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Mack Ray Edwards

Mugshot of Mack Ray Edwards, 1970
Background information
Born: 1918
Arkansas, United States
Died: October 30, 1971
Cause of death: Suicide by hanging
Number of victims: 6
Span of killings: 1953–1970
Country: United States
State(s): California
Date apprehended: March, 1970

Mack Ray Edwards (1918 – October 30, 1971) was an American serial killer. He murdered at least six children in Los Angeles County, California between 1953 and 1970.



Mack Ray Edwards was born in Arkansas. He moved to Los Angeles County in 1941. As a heavy equipment operator contracted by Caltrans, he worked on freeways. The body of one of his victims was found underneath the Santa Ana Freeway, and he claimed to have disposed another of his victims under the Ventura Freeway.[1]

Edwards killed three children from 1953 to 1956, and three more in 1968 and 1969. In 1970, Edwards and a teenage male accomplice kidnapped three girls from their home in Sylmar. When the girls escaped, Edwards surrendered to police and confessed to molesting and murdering six children.[2]

After three bodies were recovered, Edwards pleaded guilty to three counts of murder and was sentenced to death.[3]

On October 30, 1971, following two unsuccessful attempts, Edwards committed suicide by hanging himself with a television cord in his cell in San Quentin State Prison.[4]


Known victims

Edwards was convicted of the murders of three children:

  • Stella Darlene Nolan, 8, of Compton, who disappeared June 20, 1953.
  • Gary Rochet, 16, of Granada Hills, who was found after having been shot to death on November 26, 1968.
  • Donald Allen Todd, 13, of Pacoima, who disappeared May 16, 1969.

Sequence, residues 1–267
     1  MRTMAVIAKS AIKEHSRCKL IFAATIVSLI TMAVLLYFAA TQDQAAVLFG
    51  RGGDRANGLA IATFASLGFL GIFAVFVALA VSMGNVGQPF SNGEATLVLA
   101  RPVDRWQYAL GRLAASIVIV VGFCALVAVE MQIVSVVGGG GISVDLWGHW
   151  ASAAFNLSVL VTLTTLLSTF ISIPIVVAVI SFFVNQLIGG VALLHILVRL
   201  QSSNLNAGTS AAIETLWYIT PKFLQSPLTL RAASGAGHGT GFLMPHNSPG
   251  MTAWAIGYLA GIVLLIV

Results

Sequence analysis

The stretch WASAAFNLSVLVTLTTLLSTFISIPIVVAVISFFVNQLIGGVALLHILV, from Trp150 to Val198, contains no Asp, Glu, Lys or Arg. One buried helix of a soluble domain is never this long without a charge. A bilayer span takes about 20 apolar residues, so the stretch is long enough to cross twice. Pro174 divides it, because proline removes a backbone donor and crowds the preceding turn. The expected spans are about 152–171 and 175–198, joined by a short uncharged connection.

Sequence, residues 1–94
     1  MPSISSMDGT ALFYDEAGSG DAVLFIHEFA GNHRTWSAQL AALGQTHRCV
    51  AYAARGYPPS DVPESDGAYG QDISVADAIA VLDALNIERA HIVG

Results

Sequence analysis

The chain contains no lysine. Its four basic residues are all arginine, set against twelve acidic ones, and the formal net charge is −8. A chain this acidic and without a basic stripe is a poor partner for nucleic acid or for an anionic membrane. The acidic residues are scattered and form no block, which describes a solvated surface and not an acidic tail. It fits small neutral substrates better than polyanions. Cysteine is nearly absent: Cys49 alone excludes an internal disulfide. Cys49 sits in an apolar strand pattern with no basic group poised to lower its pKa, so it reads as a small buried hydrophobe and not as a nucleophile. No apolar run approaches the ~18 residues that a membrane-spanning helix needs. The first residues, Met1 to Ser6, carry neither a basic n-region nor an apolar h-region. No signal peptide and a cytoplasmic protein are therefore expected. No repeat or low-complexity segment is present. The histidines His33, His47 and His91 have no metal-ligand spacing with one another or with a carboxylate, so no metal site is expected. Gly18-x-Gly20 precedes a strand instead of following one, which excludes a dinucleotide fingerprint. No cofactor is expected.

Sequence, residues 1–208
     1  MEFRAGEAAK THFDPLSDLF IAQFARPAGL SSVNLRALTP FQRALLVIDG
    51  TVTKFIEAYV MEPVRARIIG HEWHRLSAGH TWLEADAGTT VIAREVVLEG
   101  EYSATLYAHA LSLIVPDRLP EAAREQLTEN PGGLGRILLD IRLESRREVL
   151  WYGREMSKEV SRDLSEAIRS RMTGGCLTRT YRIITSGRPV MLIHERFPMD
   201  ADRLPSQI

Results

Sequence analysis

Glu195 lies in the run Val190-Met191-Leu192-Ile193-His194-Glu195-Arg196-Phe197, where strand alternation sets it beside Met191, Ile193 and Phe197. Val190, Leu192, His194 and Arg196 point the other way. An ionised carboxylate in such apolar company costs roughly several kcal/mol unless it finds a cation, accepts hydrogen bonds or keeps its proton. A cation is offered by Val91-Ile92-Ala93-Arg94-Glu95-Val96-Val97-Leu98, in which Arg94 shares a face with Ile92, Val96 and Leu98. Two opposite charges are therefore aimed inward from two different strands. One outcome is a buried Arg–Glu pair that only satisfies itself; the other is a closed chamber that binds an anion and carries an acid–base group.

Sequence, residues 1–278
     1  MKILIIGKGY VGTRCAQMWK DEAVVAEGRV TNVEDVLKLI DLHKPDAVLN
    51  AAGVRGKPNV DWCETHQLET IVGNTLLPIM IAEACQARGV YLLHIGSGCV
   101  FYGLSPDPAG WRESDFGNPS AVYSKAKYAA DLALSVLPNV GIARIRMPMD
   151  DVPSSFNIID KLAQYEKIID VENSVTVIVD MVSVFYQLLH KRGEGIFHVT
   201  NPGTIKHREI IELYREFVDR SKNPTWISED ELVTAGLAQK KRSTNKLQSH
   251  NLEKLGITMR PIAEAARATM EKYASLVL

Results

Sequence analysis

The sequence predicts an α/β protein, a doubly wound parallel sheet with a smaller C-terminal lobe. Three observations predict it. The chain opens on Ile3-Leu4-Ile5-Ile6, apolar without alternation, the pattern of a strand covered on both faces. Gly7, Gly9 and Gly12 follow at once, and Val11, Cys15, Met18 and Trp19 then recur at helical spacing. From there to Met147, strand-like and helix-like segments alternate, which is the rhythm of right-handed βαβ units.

Edwards confessed to three additional killings. Because the bodies of the victims were not recovered, he was never officially charged with these murders:

  • Don Baker, 13, and Brenda Howell, age 11, of Azusa, who disappeared August 6, 1956.
  • Roger Madison, 16, of Sylmar, disappeared December 16, 1968.[4]

Possible victims

Edwards may have committed other murders, but his own account was inconsistent: while in prison he claimed to have killed 18 children,[5] but in an interview with the Los Angeles Times he said the number was only six.[3] The 12-year span between Baker's and Howell's disappearances and Rochet's shooting has led investigators to suspect Edwards may have claimed more victims in between.[1]

As of March 2007, the Los Angeles Police Department is investigating the possibility of Edwards' involvement in the disappearance of Tommy Bowman, 8, of Redondo Beach, who disappeared in Pasadena on March 23, 1957. Author Weston DeWalt was researching the Bowman disappearance when he noticed the similarity between a photo of Edwards and a sketch of Bowman's abductor. DeWalt was later shown a letter from Edwards to his wife in which Edwards states that he "left out" Tommy Bowman from his confession to police.[5]

Edwards is also considered a suspect in the disappearances of Bruce Kremen of Granada Hills and Karen Lynn Tompkins and Dorothy Gale Brown of Torrance. Kremen, 6, disappeared from a YMCA camp in Angeles National Forest on July 12, 1960.[6] Tompkins, 11, disappeared on August 18, 1961. Dorothy Gale Brown, also 11, disappeared on July 3, 1962. She had been molested and drowned. Her body was recovered from the ocean off of Corona del Mar.[7]

Cultural References

In the final episode of The Shield airing November 25, 2008, Dutch Wagenbach, a detective on the show, refers to Edwards while interrogating a teenager he believes is an up and coming serial killer, making the point that serial killers without a catchy nickname are easily forgotten by the general public.


  1. ^ a b Ruiz, Kenneth T. "Police back theory on missing boy" Whittier Daily News. Accessed 28 March, 2007.
  2. ^ Kistler, Robert. "Police Say Man May Have Slain 6 Youths." Los Angeles Times, 7 Mar. 1970.
  3. ^ a b Haynes, Roy. "Death Penalty Voted for Slayer of Six Children." Los Angeles Times, 23 May 1970.
  4. ^ a b Stingley, Jim. "Slayer of Six Children Hangs Himself in Cell." Los Angeles Times, 31 Oct. 1971.
  5. ^ a b Blankstein, Andrew. "Killer's dead, but they're still on his trail." Los Angeles Times, 17 March 2007. Accessed 21 March 2007.
  6. ^ The Charley Project: Bruce Kremen Accessed 29 March, 2007.
  7. ^ Long-dead killer back in sights of police - Los Angeles Times

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